Moravian Open Door and COVID-19

hand-made masks

News about the impending Coronavirus pandemic reached Moravian Open Door (MOD) around the same time that the rest of the country was being made aware of it. Our first realization was that our clients fell into the “high risk” category that the World Health Organization (WHO) and the Centers for Disease Control (CDC) were talking about. The second was just how unprepared we were for this pandemic.

Within weeks of learning about this virus and its deadly potential, the MOD Board put together a policy which went into immediate effect, covering safety measures for all visitors, vendors, clients and staff. All clients were apprised of the policy at a community house meeting, and updated information on the virus and its spread was continuously being posted throughout the building. The program went into lockdown, with no visitors being allowed into the building, and only essential workers having access.

The earliest challenge that MOD faced was a lack of face masks, hand sanitizers and disinfectants, because these items were almost nonexistent in the local stores, online or from our regular supply vendors. The first donation of 50 disposable masks came from a client who works for the NYC Parks Department. Staff also brought in sanitizers and disinfectants from their homes to tide the building over until we could get a handle on the situation.

Once the word went out regarding the need for supplies, past and current MOD board members started sending whatever they could get their hands on to help us out. Moravian church members from various congregations made cloth masks for distribution to the clients. Castleton Hill Moravian Church brought in freshly made sandwiches twice weekly for our clients.

Church of the Incarnation, a long-time supporter of Moravian Open Door and our clients, dropped off supplies on a regular basis. They also started a card project whereby every week we would receive beautiful and uplifting cards from their members. The NYC Mayor’s office stepped in, as well as other local NYC organizations to assist with our needs. Neighborhood residents would come over to the building, wave to whoever was on the desk, and leave supplies in front of our doors.

Many times, when we were down to the very last of our supplies, we would get a call from someone informing us they’d ordered supplies that would be arriving in a few days’ time.

As the pandemic progressed, MOD never went a single day without. Special mention must be made about the numerous calls and emails that we received from Moravians, individuals, board members and supporters who were very concerned and checked in on an ongoing basis to inform us that they were thinking about and praying for us.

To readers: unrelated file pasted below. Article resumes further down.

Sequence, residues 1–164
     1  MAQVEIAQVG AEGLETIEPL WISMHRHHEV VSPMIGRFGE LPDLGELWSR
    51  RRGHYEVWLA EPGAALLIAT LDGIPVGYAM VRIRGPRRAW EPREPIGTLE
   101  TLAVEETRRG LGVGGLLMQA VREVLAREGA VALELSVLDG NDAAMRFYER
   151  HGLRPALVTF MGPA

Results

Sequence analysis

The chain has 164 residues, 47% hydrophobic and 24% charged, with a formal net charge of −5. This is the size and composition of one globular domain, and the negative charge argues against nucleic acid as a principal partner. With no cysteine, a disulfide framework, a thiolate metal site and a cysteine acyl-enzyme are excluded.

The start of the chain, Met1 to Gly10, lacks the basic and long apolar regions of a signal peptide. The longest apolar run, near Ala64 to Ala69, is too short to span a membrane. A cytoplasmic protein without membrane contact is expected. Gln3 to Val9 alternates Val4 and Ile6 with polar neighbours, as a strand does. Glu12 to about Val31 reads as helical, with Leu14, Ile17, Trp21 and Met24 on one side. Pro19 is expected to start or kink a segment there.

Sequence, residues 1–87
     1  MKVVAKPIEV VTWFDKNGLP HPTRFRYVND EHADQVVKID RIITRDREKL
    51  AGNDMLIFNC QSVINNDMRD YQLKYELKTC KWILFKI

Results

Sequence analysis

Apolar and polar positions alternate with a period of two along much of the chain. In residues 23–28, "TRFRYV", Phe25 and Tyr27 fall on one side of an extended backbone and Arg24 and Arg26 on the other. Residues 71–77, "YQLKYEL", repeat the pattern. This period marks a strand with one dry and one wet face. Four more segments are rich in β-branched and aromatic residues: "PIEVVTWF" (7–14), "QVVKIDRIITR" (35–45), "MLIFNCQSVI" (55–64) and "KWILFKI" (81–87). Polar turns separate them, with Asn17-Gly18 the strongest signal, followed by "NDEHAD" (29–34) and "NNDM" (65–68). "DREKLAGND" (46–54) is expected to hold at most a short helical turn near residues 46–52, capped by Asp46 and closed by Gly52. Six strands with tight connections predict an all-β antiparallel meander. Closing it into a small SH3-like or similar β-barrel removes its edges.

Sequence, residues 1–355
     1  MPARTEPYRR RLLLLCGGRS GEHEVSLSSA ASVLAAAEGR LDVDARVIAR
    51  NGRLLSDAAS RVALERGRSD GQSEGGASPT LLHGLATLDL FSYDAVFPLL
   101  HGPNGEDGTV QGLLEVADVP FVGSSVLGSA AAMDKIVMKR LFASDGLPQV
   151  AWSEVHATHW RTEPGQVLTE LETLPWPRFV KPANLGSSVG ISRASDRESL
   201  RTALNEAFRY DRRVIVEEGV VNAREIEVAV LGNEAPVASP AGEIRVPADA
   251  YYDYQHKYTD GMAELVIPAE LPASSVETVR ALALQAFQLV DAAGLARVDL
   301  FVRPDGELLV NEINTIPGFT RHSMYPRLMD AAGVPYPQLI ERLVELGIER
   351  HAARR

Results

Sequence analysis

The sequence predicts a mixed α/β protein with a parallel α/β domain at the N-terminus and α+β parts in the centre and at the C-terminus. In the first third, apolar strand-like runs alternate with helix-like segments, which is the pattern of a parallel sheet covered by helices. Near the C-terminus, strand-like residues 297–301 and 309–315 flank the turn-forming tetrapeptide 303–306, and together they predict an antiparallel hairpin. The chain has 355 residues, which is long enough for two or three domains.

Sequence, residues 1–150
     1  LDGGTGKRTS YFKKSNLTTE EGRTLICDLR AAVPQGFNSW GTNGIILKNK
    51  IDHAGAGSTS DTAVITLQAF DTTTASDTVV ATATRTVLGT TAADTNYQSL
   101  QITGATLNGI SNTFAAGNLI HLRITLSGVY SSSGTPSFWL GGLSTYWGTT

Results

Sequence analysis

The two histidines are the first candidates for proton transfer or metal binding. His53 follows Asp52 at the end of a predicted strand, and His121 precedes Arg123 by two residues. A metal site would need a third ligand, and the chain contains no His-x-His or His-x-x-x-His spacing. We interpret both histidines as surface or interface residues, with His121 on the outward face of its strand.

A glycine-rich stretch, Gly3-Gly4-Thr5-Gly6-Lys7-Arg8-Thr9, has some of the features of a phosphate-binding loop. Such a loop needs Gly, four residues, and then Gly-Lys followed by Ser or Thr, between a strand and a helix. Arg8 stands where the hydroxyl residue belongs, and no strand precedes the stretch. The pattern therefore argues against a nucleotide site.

In spite of all the precautions and our best efforts, MOD did not come away unscathed. On April 7th, Arthur Berk, MOD’s most senior legacy client, was the first to succumb to the virus. Later in that same month, we mourned the loss of two other clients. There were others, including staff, who were afflicted but were able, by God’s grace, to overcome the virus. Mike Ralling, MOD’s Facility Manager, has remained on site throughout the entire ordeal and worked through his own bout with the coronavirus.

Having lived through and experienced the ravages brought on by this pandemic, we cannot discount God’s bountiful care and blessings as evidenced by: the many calls, prayers and expressions of love and concern; the strengthening of the MOD family; the tears that were shed; and the spirit of love that was ever present.

In part, it is because of each of you that we have been able to get through what could have been an absolute disaster. While the virus has made its impact on Moravian Open Door and on the thousands of persons in and around this world, we continue to move forward in this ministry of equipping and helping our homeless clients go on to live wholesome, worthwhile lives in the greater community.

It is being said that life as we once knew it will change for all of us. Although this may be so, the essential services that MOD provides for our clients will not change. Our need for continued prayers for our board, staff and clients will not change. Our need for ongoing volunteer services, financial donations and in-kind gifts from those who support what we do at MOD will not change.

Susan Attsz-Mendoza is executive director of Moravian Open Door in New York City.